In June, the Oregon Dept. of Transportation issued a special alert to truckers, warning that one million visitors will be flooding the state.Above is the projected path across the United States of the total solar eclipse scheduled for Aug. 21.
"Besides bracing for heavy traffic, [the Oregon Office of Emergency Management] also suggests preparing for possible cell phone service disruptions due to the increase in visitors," the alert said.
In its effort to assist, Oregon said commercial drivers seeking a safe location to park will be allowed to access weigh stations. The state is also recommending carriers talk to suppliers to change delivery schedules, especially along the rural roads projected to be the most clogged.
In explaining what truckers in the path of the eclipse might expect, Kelly Frey, vice president of product marketing for Telogis, used Pope Francis's visit to the United States in 2015 as an example. After getting information of his schedule and related road closings, it was plugged into the Telogis's algorithm.
For many truckers, that meant simply being aware there would be additional congestion. For others, the advice was avoiding certain areas completely at specific times.
"Customers are expecting us to be out ahead of events," Frey said. "There are real dollars at stake when they are sitting stuck on the road in congestion."
Jon Davis, Riskpulse meteorology team lead, took note of the eclipse in the summer of 2016, when a customer in the Netherlands sought his advice on the best place to view the eclipse (Risk Pulse's data determined it is Wyoming).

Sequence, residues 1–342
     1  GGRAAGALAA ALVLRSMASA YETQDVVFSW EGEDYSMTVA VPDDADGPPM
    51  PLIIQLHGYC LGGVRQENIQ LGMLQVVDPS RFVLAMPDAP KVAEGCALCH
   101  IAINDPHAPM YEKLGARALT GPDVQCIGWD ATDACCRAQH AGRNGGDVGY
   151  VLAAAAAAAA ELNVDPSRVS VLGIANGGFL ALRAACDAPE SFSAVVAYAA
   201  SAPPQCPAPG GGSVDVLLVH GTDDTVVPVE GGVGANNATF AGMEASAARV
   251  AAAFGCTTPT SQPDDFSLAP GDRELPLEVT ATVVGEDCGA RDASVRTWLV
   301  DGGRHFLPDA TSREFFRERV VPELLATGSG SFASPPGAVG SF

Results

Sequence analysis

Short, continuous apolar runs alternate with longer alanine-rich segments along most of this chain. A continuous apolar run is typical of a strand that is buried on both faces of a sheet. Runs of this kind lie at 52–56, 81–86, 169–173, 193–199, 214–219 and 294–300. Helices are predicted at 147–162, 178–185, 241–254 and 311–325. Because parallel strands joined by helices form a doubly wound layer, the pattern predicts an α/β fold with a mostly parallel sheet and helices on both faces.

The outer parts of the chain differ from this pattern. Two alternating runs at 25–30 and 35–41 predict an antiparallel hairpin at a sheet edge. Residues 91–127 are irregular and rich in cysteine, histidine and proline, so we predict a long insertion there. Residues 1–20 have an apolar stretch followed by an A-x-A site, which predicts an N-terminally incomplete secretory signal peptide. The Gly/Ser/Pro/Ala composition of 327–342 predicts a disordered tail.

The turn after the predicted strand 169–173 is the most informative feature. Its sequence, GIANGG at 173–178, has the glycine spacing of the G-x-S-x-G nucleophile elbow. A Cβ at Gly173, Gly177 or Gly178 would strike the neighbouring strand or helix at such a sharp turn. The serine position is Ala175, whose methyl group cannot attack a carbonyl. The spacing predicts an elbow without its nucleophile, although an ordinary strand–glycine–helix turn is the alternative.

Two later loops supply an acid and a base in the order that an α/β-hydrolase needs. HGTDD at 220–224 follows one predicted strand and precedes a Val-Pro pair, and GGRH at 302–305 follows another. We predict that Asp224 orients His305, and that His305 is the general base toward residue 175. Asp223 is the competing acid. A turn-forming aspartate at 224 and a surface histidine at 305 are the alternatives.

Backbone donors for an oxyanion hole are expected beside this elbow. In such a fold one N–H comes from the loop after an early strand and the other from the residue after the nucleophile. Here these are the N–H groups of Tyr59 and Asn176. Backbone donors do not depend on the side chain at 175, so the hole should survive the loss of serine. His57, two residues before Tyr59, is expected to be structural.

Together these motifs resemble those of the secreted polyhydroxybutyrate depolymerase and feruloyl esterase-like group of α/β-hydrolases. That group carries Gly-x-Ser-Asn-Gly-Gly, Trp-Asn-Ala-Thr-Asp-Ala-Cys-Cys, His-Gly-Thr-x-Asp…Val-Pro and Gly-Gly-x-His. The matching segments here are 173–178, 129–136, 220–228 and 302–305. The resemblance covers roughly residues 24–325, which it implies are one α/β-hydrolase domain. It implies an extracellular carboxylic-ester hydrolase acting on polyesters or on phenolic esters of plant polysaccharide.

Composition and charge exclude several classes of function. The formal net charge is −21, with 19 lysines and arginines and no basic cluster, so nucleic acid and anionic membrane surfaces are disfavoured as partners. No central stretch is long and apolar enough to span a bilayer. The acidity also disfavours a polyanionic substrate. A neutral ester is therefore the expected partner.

Davis said the eclipse is a good example of an event that creates "a totally unique" traffic configuration. He suggested while those in direct path should expect to see significantly more traffic, other areas may be likely to benefit from fewer vehicles on those roads.
Back in Oregon, Mike Card, president of Combined Transport in Central Point, expressed skepticism about how bad the traffic mess will be. But Card said it is important truck drivers are notified about the event, especially when it comes to safety. "Watch out for idiots pulling off the road right in front of you," he stressed.
Marleen Winer, a vice president with TeleType Co., makers of the SmartTruck routing app, said her company will likely warn customers days ahead of time. For something as rare as a total solar eclipse, alerting drivers to the odd change in light and potential dangerous windshield glare may be even more important than the traffic, she suggested.
App eases border congestion
The city of El Paso, TX, has jumped into the real-time navigation arena, launching a website and smart phone app in May to share information on the six local U.S.-Mexico border crossings.
The "Metropia" app provides wait time and other information for commercial vehicles, passenger vehicles and pedestrians.
"This innovative program . . . gathers real time information from commuters who are crossing the border 24 hours a day," said Mathew McElroy, director of El Paso's International Bridges Dept.
Besides reducing wait times and cutting air pollution, El Paso is hopeful the data obtained through use of the technology will help better develop policy and infrastructure investment decisions in the future.